About the UNEP Finance Initiative The United Nations Environment Programme Finance Initiative (UNEP FI) is a strategic public-private partnership between UNEP and the global financial sector. UNEP FI works closely with over 200 financial institutions that are Signatories to the UNEP FI Statements, and a range of partner organisations, to develop and promote linkages between the environment, sustainability and financial performance. Through a comprehensive work programme, regional activities, training and research, UNEP FI carries out its mission to identify, promote and realise the adoption of best environmental and sustainability practice at all levels of financial institution operations.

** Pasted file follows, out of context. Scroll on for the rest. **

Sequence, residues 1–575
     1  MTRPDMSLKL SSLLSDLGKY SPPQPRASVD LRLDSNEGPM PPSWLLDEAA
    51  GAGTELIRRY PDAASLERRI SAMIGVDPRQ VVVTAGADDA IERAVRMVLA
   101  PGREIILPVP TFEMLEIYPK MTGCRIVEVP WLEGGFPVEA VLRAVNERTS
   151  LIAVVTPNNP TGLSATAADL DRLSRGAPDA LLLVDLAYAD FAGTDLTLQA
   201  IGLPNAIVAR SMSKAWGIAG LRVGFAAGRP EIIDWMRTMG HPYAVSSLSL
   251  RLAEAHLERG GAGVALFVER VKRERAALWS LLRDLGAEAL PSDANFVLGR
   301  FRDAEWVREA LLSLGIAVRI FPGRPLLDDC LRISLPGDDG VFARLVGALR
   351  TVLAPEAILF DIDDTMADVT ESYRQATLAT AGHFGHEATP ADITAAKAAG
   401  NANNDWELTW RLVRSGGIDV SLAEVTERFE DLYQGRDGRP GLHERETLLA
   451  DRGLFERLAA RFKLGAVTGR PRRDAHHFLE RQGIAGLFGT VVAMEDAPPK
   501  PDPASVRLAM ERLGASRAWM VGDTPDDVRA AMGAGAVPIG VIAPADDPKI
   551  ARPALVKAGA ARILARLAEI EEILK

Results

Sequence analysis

UNEP Finance Initiative International Environment House 15, Chemin des AnÊmones CH-1219 Châtelaine, Geneva Switzerland Tel: (41) 22 917 8178 Fax: (41) 22 796 9240 Email: fi@unep.ch www.unepfi.org Publication: E-RISC: A New Angle on Sovereign Credit Risk Job Number: DTI/1618/GE

www.unep.org United Nations Environment Programme P.O. Box 30552 Nairobi, Kenya Tel: ++254-(0)20-762 1234 Fax: ++254-(0)20-762 3927 E-mail: uneppub@unep.org


E-RISC: Environmental Risk Integration in Sovereign Credit Analysis